FAQ > Chris The Bartender FAQ: > I flair just fine with practice bottles. However, when I use real bottles, I keep spilling. What am I doing wrong?

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Good question, one almost everyone has when they’re starting out. It comes down to the difference between working flair and exhibition flair. Working flair is any manipulation of bottles, tins, or other bar objects, (flair) that can be performed with the bottle filled to any level. Basically, anytime you open a new bottle, put a pour spout on it, and start flairing (not flipping), that's working flair. You'll notice ALL of the flair videos I have posted so far (and probably the next 5-10) focus specifically on working flair. With some practice, you should be able to perform all of these moves with a nearly-full bottle. It's actually a good idea to practice with a half full bottle, once you get the basics of the move, so you can get comfortable with the weight and be sure you're not spilling. Exhibition flair, on the other hand, is flair that is generally performed with just a couple ounces of liquid in the bottle. The difference being that you can actually flip or spin the bottles. Exhibition flair is used at competitions, demonstrations, and anytime you are lucky enough at work to make a drink using a nearly empty bottle. Exhibition flair is generally more exciting to watch; however, it is less practical at work. To recap: working flair can use a nearly full bottle, involves tossing the bottle around your body, but NEVER flipping or spinning. You can’t fight physics. Exhibition flair requires a nearly empty bottle and incorporates flips or spins.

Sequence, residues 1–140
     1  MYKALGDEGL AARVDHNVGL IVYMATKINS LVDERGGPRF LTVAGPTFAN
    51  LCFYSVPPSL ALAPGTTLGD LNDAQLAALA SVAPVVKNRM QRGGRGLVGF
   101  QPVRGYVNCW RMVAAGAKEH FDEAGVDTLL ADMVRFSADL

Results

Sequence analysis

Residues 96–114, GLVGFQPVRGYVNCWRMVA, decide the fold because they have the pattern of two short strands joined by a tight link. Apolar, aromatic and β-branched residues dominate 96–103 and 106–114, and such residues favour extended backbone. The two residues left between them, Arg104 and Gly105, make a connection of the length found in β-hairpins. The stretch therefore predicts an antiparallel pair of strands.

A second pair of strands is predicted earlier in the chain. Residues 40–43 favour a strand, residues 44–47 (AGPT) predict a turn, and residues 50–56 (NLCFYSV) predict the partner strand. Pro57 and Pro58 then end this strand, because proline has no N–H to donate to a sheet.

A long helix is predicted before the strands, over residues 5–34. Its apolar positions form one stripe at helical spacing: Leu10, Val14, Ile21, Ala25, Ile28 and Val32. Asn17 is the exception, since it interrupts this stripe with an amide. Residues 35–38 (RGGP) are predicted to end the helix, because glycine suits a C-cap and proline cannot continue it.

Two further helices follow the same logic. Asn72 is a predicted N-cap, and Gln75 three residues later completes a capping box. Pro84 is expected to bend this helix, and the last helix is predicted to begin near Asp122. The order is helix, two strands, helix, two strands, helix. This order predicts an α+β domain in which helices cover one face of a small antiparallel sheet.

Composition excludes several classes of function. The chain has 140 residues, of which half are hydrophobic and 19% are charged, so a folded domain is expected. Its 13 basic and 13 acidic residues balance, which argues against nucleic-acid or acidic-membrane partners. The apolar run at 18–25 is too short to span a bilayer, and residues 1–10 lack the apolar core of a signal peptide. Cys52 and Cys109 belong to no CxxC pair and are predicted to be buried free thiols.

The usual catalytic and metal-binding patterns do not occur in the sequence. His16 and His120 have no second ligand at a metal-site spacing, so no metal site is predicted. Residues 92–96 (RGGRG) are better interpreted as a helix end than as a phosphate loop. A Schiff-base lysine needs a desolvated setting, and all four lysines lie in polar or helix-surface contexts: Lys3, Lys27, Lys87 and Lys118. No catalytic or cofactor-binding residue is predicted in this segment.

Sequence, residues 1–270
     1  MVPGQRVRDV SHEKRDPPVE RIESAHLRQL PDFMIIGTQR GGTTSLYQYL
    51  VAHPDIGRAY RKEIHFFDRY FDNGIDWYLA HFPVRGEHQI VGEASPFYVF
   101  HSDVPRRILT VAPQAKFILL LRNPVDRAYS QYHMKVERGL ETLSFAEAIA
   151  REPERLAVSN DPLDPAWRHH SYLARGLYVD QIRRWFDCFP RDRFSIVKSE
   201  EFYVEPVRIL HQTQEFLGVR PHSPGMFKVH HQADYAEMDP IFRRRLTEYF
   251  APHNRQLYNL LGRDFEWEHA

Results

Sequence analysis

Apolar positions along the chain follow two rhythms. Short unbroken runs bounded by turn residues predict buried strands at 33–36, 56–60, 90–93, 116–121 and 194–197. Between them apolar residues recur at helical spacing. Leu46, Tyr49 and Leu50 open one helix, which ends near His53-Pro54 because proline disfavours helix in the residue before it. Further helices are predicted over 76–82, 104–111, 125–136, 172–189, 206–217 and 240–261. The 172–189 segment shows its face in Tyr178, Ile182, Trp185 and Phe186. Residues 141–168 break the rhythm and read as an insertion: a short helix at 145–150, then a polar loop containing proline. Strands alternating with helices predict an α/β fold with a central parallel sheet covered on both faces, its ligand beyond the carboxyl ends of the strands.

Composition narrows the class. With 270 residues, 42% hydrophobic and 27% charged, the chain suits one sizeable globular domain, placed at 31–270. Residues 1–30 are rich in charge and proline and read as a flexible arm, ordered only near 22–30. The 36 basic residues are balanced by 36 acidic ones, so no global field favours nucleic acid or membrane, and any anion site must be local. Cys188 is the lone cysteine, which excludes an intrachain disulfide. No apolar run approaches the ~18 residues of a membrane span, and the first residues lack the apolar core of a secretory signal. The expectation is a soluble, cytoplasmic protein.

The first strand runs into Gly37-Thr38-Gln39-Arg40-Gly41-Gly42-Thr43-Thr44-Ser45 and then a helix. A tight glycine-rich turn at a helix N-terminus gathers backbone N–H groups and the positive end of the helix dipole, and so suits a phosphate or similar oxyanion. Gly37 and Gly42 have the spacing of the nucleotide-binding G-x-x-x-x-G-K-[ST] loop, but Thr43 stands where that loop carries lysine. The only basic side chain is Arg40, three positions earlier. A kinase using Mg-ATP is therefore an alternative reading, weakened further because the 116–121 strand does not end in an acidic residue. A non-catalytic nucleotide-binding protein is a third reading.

If you are following my tutorials for basic working flair and are still having problems with spilling, I have a few suggestions that might help. Most importantly, be sure you are NEVER spinning or actually flipping the bottle but rather using the bottle's momentum to create fluid circles of motion that keep the liquid in the bottle. Your moves should never be jarring, choppy, or sudden - think Mr. Miyagi, make slow, smooth, controlled motions. Second, start with the bottle just a quarter full - or even less - and practice with that until you are comfortable, then up it to half full until you're comfortable with that, then try three-quarters and finally a full bottle. Third, try a new or different pour spout - the Spill-Stop 285-50 is the preferred pour spout for most flair bartenders, but you might try a different one to see if you like it better. Finally, and most importantly, practice, practice, and practice some more. If it was easy, every bottle-jockey would be doing it. Have patience and be confident that you WILL succeed if you stick with it. If you're still spilling everywhere after trying all of these, upload a video of you flairing (and spilling) to YouTube and send me the link. I'll check it out and see what's up.